About Radicle Growth
Radicle is an acceleration fund backed by leading AgTech investors including Finistere Ventures, Bayer Crop Science, DuPont Pioneer and OurCrowd. Radicle carefully selects innovative Ag and food tech startups for investment, ensuring that powerful, disruptive technologies reach their full potential. We provide a fertile environment for visionaries in the Ag space, not just to grow but to flourish. Our proprietary platform is the only one of its kind in the agriculture industry, filling a huge void in the market by identifying the most innovative technologies and accelerating them with a range of value-creation initiatives. To learn more, visit radicle.vc.
About Desjardins Capital
Nearly 45 years strong, Desjardins Capital (previously Desjardins Venture Capital) has a mission to value, support and nurture the best of Quebec entrepreneurship. With assets under management of C$2 billion, Desjardins Capital helps contribute to the longevity of more than 450 companies, cooperatives and funds in various sectors from across Quebec. In addition to helping to create and maintain more than 67,000 jobs, this subsidiary of Desjardins Group offers business owners access to a large business network and supports their business growth. For more information, visit our website or LinkedIn page.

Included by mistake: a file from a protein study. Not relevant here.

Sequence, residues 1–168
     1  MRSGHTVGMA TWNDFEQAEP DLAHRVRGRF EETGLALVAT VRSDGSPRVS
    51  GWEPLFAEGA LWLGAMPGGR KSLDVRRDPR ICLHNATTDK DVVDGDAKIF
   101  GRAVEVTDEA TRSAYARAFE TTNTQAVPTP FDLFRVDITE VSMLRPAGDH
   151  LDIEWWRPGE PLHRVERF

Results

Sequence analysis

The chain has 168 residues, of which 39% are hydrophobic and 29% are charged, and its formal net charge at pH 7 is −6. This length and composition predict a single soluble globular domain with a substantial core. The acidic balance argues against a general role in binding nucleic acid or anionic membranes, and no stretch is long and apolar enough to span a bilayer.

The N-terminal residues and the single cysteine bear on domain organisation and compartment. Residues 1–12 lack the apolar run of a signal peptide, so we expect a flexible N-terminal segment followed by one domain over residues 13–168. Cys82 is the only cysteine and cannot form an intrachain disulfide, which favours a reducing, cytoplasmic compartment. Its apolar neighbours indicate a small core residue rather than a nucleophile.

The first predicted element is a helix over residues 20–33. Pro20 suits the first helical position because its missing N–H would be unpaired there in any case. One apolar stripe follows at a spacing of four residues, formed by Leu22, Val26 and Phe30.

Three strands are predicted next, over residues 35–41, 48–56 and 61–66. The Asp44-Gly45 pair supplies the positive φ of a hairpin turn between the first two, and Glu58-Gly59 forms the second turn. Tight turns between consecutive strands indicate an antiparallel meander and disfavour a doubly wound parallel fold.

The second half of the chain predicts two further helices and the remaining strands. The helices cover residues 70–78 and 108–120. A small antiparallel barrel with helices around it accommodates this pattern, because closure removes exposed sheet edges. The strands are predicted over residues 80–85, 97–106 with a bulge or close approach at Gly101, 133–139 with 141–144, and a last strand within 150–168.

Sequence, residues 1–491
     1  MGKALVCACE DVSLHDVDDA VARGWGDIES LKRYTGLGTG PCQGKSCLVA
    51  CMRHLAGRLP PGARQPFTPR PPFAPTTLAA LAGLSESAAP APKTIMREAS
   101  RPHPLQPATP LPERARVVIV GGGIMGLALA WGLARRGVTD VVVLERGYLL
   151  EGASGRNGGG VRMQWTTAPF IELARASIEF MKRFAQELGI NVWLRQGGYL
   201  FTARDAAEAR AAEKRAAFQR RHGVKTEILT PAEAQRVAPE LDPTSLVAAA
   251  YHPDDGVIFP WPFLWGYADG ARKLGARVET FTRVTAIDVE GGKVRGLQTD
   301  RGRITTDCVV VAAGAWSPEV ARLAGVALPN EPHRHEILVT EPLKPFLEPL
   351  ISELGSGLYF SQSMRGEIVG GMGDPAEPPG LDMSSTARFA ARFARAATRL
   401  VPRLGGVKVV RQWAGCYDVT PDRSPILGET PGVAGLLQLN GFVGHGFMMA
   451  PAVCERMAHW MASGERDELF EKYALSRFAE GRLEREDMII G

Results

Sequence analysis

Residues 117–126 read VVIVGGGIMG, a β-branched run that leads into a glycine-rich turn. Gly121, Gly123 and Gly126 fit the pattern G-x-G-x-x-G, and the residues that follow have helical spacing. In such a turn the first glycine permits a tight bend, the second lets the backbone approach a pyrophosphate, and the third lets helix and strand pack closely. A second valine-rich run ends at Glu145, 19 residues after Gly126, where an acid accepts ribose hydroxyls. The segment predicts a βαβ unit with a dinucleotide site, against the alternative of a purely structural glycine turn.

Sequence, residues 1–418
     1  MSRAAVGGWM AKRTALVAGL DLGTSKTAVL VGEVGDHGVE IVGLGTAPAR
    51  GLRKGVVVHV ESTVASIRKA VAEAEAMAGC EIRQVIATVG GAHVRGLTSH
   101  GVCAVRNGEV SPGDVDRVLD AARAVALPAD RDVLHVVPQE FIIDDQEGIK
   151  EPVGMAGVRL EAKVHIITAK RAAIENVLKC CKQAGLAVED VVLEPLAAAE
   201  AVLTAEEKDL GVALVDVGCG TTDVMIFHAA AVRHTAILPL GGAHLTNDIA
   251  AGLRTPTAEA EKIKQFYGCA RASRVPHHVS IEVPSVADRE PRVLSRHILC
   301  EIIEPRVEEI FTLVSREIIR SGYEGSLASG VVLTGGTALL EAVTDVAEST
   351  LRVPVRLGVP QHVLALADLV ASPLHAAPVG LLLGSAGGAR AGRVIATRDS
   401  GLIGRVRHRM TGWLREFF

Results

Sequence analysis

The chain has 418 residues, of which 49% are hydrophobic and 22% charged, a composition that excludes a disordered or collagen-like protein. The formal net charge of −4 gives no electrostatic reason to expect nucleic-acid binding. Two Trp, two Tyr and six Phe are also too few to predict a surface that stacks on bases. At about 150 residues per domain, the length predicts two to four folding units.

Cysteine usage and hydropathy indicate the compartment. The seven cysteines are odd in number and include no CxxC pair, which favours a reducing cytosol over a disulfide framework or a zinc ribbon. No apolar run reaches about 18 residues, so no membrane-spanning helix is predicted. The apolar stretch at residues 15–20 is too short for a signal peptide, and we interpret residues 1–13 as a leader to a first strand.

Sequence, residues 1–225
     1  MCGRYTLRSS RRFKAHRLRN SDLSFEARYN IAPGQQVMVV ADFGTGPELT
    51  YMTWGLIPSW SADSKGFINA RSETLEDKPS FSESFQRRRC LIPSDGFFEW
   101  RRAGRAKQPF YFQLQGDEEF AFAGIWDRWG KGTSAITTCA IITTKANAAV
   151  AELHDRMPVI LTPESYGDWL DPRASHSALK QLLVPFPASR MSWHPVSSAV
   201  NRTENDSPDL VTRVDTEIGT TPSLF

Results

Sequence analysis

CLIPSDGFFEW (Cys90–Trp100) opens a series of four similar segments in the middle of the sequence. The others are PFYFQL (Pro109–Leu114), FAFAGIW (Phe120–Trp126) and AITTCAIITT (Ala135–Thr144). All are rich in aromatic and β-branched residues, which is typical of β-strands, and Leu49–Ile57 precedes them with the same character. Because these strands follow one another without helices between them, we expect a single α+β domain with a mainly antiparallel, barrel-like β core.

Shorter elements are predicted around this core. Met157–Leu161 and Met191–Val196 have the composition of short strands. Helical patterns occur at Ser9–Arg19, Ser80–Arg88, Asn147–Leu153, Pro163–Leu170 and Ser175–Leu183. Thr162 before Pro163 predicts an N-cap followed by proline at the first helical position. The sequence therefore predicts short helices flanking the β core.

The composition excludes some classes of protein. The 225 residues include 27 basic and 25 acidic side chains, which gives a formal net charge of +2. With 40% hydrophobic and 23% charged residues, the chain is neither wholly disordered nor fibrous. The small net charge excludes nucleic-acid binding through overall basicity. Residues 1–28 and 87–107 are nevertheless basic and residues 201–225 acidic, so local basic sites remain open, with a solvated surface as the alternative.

About Real Ventures
Real backs world-class entrepreneurs building game-changing companies, connecting them to local and national ecosystems and helping guide them through their next stages of evolution. The firm invests for the founders it backs. Real believes that VCs should play a role in accelerating the creation of world-class tech ecosystems by providing support beyond the companies for whom it writes cheques. It’s this collaborative mindset that inspires Real to launch initiatives that lay, or build upon, the foundations of rapidly growing tech hubs in Canada, and wherever else the firm may go, throughout the life-cycle of early-stage companies and provides stage-appropriate capital and support.
Fluxunit is the corporate venture unit of OSRAM. The firm invests in startups with novel technologies and innovative business models, seeking to accelerate companies’ growth by leveraging OSRAM’s leading position in the high-tech lighting industry.
About BDC Capital
A subsidiary of Business Development Bank of Canada (BDC), BDC Capital offers a full spectrum of specialized financing and investment solutions to help Canadian entrepreneurs achieve their full growth potential. With more than $1.6 billion under management, BDC Capital takes a strategic, patient approach to nurture companies’ development over the long term.
The content & opinions in this article are the author’s and do not necessarily represent the views of AgriTechTomorrow